Just a quick referral and comment: I saw an article in the Washington Post today by Doug Feaver called Listening to the Dot-Commenters that I thought was pretty interesting. Essentially, Feaver is writing to defend the practice of allowing un-moderated, anonymous comments to be posted to their articles and blogs. He writes:
I have come to think that online comments are a terrific addition to the conversation and that journalists need to take them seriously. Comments provide a forum for readers to complain about what they see as unfairness or inaccuracy in an article (and too often they have a point), to talk to each other (sometimes in an uncivilized manner) and, yes, to bloviate...I believe that it is useful to be reminded bluntly that the dark forces are out there and that it is too easy to forget that truth by imposing rules that obscure it. As Oscar Wilde wrote in a different context, "Man is least himself when he talks in his own person. Give him a mask, and he will tell you the truth." Too many of us like to think that we have made great progress in human relations and that little remains to be done. Unmoderated comments provide an antidote to such ridiculous conclusions. It's not like the rest of us don't know those words and hear them occasionally, depending on where we choose to tread, but most of us don't want to have to confront them.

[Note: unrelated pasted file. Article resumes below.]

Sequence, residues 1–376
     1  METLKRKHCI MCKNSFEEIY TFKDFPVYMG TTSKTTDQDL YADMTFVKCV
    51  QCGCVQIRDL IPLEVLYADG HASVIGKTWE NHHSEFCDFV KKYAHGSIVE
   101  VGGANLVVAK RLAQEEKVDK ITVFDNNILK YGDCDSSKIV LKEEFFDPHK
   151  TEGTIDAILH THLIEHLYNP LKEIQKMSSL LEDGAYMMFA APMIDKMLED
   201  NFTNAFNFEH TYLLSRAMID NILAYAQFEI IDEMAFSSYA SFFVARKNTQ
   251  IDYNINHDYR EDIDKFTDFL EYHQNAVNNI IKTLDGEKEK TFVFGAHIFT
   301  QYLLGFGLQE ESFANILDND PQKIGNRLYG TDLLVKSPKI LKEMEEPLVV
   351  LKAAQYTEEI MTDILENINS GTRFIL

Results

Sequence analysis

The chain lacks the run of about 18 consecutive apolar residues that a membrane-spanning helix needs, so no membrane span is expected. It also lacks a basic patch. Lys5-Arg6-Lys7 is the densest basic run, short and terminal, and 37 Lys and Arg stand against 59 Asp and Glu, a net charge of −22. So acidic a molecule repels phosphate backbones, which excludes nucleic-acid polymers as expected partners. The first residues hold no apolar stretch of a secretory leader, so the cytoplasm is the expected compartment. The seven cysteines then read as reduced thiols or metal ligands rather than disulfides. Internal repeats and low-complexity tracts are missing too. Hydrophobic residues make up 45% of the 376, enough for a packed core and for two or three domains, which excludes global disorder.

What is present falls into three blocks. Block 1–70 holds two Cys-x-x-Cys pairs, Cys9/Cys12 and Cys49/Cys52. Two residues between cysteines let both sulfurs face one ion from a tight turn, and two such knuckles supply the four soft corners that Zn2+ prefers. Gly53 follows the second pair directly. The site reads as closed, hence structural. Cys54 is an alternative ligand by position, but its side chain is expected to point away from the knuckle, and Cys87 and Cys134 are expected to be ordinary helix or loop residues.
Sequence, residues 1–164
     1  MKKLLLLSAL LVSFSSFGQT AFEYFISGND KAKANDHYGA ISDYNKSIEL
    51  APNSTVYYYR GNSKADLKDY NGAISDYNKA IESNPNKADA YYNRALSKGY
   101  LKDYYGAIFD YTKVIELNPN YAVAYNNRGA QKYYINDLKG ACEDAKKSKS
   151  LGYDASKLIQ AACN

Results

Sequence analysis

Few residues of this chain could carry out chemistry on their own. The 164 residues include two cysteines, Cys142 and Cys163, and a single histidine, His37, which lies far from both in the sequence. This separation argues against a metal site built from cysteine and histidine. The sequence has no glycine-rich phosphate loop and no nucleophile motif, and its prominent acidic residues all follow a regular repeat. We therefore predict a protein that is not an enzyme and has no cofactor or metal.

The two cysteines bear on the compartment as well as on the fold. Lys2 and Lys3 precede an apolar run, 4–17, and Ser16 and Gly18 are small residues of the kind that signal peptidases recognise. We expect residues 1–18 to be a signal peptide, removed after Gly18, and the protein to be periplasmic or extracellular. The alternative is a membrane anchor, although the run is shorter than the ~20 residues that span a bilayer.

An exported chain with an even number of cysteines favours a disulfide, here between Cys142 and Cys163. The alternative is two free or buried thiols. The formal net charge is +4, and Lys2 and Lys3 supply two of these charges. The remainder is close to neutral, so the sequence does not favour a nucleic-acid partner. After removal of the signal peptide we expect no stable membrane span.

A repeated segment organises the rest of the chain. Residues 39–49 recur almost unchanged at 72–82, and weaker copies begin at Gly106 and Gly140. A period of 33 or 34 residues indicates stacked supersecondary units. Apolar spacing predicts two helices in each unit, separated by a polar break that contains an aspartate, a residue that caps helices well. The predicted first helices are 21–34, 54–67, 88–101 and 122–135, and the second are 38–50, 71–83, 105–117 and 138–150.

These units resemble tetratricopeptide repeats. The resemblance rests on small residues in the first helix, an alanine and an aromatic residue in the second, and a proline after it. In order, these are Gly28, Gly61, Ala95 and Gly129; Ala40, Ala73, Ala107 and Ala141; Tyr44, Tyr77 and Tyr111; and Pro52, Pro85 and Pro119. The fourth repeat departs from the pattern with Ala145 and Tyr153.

One obvious caveat, Feaver is speaking from the context of a widely read newspaper; news content tends to elicit much more commenting activity than the kind of blog we, or any of our clients for that matter, would have. However, I think the point carries over well. Sure, there's going to be some bad stuff in there, but allowing anonymity encourages users to tell you what they actually think. The practice of moderating comments, though, I think is more of a time waster than anything else. We do receive some spam comments, which I have to go back in and remove, but that's far less frequent than real comments. If I had to approve each one, I'd go crazy. I'm happy with it being an open forum of sorts, and am even happier to see that activity increasing (see our newsletter on writing newsletters for an example of a good dialogue in the comments).